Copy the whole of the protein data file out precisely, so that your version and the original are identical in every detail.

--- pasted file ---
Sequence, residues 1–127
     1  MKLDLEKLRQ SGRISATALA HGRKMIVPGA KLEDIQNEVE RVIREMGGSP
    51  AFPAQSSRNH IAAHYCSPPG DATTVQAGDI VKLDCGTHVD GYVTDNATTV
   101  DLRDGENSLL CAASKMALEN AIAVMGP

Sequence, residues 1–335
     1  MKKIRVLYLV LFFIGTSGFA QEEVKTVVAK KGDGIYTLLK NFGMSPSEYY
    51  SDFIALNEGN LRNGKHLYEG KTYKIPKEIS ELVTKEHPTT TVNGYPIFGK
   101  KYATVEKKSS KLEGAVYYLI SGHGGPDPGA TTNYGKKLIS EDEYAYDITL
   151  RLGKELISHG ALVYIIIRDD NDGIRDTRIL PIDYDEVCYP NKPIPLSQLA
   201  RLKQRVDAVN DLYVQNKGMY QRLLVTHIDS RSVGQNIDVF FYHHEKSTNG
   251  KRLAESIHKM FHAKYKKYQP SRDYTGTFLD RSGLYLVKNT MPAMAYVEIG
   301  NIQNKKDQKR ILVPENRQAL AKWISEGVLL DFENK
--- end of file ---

Sequence, residues 1–127
     1  MKLDLEKLRQ SGRISATALA HGRKMIVPGA KLEDIQNEVE RVIREMGGSP
    51  AFPAQSSRNH IAAHYCSPPG DATTVQAGDI VKLDCGTHVD GYVTDNATTV
   101  DLRDGENSLL CAASKMALEN AIAVMGP

Sequence, residues 1–335
     1  MKKIRVLYLV LFFIGTSGFA QEEVKTVVAK KGDGIYTLLK NFGMSPSEYY
    51  SDFIALNEGN LRNGKHLYEG KTYKIPKEIS ELVTKEHPTT TVNGYPIFGK
   101  KYATVEKKSS KLEGAVYYLI SGHGGPDPGA TTNYGKKLIS EDEYAYDITL
   151  RLGKELISHG ALVYIIIRDD NDGIRDTRIL PIDYDEVCYP NKPIPLSQLA
   201  RLKQRVDAVN DLYVQNKGMY QRLLVTHIDS RSVGQNIDVF FYHHEKSTNG
   251  KRLAESIHKM FHAKYKKYQP SRDYTGTFLD RSGLYLVKNT MPAMAYVEIG
   301  NIQNKKDQKR ILVPENRQAL AKWISEGVLL DFENK